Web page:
A second component of better consumer education is talking about bills instead of rates. "We need to make consumers realize that electric bills have two components," said Butler, "the rate and the number of units. Even if rates go up, your bill can go down if you reduce the units you use."

 

Then We Need Better Demonstrations

Despite the growing number of Smart Grid pilots, Butler says the country needs demonstrations that are broader and better designed. "I see pilots with a select group, but what about the rest of society?" he complained. Butler wants to see demos with a broad cross-section of users to identify and demonstrate the benefits that will flow to all ratepayers. He lists Boulder's well-publicized Smart Grid City initiative as an example of a pilot that isn't broad enough. "Boulder has a green, middle-class population that is tech savvy and liberal. If you can't do it there, you can't do it anywhere." But Butler wants to see demonstrations in places with more representative populations.

 

Then We Need Standards

Even if we get better education and better demonstrations, the Smart Grid has potential pitfalls regulators must guard against. One is "Buying a Betamax" - deploying equipment that will be obsolete soon, and then spending more to bring it up to par. Butler cited recent AMR systems as an example. Many of them don't have two-way communications and can't be upgraded in the field. They are already obsolete even though some have only been in place a few years.

 

What's the solution to instant obsolescence? "The Smart Grid must be based on open standards, so you can switch out the components without replacing the whole system," Butler said.

 

We Also Need Careful Attention to Potential Problems

Butler cited several other pitfalls regulators must steer around:

  • Security: There will be many more portals where someone can cause mischief or worse.

  • Privacy: The system will be collecting massive amounts of data about private citizens. We must safeguard their privacy.

  • Interoperability: We must be able to flow power and trade information across regions.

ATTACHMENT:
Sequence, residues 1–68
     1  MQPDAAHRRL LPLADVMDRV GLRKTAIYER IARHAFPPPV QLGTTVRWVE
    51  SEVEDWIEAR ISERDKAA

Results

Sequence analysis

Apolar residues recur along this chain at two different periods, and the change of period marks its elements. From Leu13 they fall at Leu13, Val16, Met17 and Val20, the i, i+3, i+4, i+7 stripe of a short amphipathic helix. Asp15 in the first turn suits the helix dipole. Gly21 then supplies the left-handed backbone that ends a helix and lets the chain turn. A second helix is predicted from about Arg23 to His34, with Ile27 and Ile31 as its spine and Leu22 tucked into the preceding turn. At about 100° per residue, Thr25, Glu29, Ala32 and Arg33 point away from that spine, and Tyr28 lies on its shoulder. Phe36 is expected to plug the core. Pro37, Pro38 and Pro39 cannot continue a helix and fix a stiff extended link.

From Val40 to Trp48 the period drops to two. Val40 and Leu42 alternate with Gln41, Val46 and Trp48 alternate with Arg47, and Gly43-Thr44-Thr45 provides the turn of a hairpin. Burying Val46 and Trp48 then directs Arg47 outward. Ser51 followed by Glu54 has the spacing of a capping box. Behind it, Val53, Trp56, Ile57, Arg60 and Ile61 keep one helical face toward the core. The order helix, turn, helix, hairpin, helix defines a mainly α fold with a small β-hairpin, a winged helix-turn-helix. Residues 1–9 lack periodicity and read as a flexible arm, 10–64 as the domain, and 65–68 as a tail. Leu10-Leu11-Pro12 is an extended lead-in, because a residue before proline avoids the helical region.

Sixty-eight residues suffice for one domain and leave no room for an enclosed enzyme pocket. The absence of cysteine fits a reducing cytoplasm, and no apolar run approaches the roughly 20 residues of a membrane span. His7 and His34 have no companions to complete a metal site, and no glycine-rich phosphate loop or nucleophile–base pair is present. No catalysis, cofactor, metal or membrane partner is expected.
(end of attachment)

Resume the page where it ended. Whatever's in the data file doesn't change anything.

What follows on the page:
• Pilotis: Utilities often pilot things to death and use that as an excuse. One of the reasons NARUC set up the Smart Grid Collaborative was to act as a clearinghouse, so every utility doesn't have to reinvent the wheel.

 

And We Need the Right Starting Point

Butler also warned that some utilities might be putting the cart before the horse. "Smart meters are not necessarily the best starting point" he warned. "They are an expensive and disruptive technology. Butler suggested that some utilities should first build out communications for the distribution system for applications such as outage management. They could get that in place at less cost and begin creating immediate benefits while doing small tests of meters in preparation for a widespread roll out.

 

Butler concluded our conversation with a plea to regulators and policymakers. "The Smart Grid is not a fad. It's not going away in two years. It is a fundamental change in the way the nation's electricity grid operates. If you fail to educate yourself you are putting yourself and your constituents at risk."

 

He also had a request for utilities and vendors. He wants them to do a better job preparing consumers for AMI (Advanced Metering Infrastructure) and Smart Grid. They must demonstrate why ratepayers should pay more and show the immediate benefits." "Regulators are not dinosaurs who just say no, no, no. But before we can say yes, we need to have demonstrated benefits."

 

"We'll know we're there where consumers start asking for it," he explained.